From what you’ve seen, how is Canada’s multiculturalism received abroad?

This is one of those funny anecdotes. I was at an event hosted by the Pakistan High Commission here in Ottawa. I met someone new, who shook my hand and said, ‘Thank you for organizing this event.’ I was born and raised in Canada, but someone there shook my hand and thought I was a part of the organizing community, rather than the government of Canada. I don’t think you can take offence to that because it’s an honest mistake — the world is different now, Canada is a different country from what it was 50 years ago. I think that’s something to be celebrated. Occasionally, yeah, it leads to confusion or interesting encounters, but I think that’s actually really rich and a neat thing.

Being born in Singapore and ethnically Malay, people often think I’m Malaysian. [But] we’re moving along as a society, as an international community, to look at things differently and start recognizing that, hey, beyond nationalities and statehood etc., we’re individuals, and we’re persons, in spite of where we’re from.

Whenever you go to any multilateral forum, I know a lot of Canadians will do this, they’ll just put on the Canadian pin, because it helps and creates less confusion. People are genuinely curious anyway, about, well, ‘you’re Canadian, you’re not what I would think of as Canadian normally.’ You can take it one way, and can think ‘wow, these people don’t get what Canada is,’ or you can take it as they’re really interested in figuring out how Canada works, as a multicultural society.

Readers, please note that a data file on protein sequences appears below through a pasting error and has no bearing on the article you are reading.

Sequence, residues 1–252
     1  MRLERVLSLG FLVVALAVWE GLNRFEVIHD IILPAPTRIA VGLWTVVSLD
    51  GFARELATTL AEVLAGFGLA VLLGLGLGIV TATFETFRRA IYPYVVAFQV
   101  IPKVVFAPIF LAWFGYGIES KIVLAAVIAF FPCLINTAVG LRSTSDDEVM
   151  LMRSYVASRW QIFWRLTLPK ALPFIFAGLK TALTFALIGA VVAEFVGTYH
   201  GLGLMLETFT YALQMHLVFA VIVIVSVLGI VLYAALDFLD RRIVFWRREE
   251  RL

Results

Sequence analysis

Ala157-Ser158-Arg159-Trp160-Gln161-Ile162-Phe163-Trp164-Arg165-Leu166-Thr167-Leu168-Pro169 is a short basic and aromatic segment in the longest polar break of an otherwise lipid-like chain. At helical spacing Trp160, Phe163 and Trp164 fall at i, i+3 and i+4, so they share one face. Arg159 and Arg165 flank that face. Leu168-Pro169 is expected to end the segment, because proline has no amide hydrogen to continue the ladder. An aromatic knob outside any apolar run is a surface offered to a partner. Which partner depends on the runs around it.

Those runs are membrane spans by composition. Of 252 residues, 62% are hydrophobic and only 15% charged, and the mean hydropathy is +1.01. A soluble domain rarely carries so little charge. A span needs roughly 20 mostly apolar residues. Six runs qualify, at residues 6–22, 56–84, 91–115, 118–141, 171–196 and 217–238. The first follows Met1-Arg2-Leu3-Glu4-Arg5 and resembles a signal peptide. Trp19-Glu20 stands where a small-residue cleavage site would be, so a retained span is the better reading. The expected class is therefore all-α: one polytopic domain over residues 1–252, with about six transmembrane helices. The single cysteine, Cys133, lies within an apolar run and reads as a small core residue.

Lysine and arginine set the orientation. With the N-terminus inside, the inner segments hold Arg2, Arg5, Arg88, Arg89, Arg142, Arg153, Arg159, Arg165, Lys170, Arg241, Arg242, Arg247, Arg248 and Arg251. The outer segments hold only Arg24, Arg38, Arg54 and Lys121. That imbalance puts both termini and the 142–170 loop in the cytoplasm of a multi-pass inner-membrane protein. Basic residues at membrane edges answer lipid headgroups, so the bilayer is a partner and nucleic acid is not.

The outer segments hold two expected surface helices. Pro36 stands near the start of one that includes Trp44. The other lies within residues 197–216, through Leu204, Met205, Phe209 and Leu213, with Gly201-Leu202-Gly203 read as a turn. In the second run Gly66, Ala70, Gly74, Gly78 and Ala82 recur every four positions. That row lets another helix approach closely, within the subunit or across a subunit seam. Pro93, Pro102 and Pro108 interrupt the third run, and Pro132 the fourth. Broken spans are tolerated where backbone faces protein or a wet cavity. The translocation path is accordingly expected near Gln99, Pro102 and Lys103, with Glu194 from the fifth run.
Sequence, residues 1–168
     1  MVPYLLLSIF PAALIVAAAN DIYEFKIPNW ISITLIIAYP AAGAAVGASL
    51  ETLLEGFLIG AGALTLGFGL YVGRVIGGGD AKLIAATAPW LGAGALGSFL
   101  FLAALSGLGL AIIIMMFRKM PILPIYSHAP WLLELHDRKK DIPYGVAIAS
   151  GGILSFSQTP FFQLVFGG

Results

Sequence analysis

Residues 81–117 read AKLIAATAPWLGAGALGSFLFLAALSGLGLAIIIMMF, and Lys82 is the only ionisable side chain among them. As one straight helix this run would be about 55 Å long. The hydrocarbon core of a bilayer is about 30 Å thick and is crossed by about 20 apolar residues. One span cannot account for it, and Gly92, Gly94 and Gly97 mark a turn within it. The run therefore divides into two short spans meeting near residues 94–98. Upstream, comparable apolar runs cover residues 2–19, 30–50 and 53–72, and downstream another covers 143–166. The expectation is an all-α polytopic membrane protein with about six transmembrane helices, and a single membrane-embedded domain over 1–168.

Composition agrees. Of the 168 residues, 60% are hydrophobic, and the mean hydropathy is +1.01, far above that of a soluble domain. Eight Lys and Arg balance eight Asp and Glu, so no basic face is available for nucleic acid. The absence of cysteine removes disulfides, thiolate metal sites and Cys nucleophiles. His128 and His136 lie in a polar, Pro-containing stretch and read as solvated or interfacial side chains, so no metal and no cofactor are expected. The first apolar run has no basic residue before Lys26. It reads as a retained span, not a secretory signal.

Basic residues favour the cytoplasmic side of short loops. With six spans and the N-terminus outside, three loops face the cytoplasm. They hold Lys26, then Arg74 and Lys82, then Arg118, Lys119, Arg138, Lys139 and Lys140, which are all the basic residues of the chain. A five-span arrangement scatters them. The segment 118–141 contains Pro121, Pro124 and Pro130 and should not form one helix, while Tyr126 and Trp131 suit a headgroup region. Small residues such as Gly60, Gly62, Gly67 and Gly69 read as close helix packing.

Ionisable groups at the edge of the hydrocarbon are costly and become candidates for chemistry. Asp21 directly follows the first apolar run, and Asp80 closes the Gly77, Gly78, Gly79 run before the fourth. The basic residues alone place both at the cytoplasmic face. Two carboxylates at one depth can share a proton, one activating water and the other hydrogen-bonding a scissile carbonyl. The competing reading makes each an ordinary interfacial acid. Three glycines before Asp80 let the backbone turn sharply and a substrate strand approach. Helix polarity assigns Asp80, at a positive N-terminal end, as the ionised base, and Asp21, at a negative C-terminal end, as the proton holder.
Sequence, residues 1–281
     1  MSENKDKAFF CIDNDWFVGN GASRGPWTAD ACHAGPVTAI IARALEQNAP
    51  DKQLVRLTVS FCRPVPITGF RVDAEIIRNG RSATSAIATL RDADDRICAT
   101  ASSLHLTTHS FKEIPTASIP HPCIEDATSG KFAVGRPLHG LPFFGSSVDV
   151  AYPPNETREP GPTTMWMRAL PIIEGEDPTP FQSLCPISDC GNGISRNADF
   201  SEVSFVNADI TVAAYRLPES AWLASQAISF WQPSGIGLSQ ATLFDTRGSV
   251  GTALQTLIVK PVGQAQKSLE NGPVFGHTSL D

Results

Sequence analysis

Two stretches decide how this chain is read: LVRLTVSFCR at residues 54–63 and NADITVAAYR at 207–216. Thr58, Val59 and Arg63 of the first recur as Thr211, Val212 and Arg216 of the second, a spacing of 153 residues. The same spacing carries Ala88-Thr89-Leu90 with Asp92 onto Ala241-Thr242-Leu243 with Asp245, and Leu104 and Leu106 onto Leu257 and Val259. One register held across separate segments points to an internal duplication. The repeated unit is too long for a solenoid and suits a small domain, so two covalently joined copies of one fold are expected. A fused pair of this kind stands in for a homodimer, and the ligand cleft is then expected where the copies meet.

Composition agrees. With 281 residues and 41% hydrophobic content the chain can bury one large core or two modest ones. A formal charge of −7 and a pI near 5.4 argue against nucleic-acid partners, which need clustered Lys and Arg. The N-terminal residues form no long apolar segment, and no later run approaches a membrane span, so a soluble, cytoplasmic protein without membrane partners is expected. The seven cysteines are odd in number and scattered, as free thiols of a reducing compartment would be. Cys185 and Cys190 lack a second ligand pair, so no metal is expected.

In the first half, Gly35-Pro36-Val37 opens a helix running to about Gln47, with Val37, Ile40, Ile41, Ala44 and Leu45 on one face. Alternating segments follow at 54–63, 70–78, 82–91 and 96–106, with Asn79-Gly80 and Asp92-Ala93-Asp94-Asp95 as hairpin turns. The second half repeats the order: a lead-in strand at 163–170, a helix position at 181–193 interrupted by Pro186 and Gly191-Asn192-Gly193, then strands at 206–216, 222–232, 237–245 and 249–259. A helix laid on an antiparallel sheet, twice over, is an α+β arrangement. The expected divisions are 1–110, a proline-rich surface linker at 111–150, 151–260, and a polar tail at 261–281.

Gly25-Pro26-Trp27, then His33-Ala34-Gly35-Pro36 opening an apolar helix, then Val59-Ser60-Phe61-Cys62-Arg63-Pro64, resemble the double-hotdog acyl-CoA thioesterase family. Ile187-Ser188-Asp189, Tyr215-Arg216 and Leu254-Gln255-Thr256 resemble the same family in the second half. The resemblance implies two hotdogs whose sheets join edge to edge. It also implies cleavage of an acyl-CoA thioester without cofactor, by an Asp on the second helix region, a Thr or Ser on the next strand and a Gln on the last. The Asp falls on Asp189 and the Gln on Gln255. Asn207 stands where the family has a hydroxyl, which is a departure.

Is there anything you’d like to see the department do to be even more representative?

I know Mahmud mentioned geographical representation, that’s a big thing, in terms of making sure that we truly represent Canada from coast to coast, from north to south, and on top of that, that we’re also representing different values and different experiences and linguistic abilities, to understand more in the diplomatic relations that we do.

We could probably do a little bit better in terms of raising awareness amongst Canadians about how much we would like them to be part of the public service. It’s tough, because there’s a tendency to recruit among the Ontario-Québec region. So maybe we could do a bit more of awareness raising, reaching out to those provinces that are a bit further away, but also looking at our internal policies and looking at how the system in place may not make it easy for those who aren’t well off economically to find their way here.

Even taking a step back from the department — something like Aboriginal representation is something that I think there has been a lot of effort on over the years through employment equity, and through recruitment and encouragement and various different programs.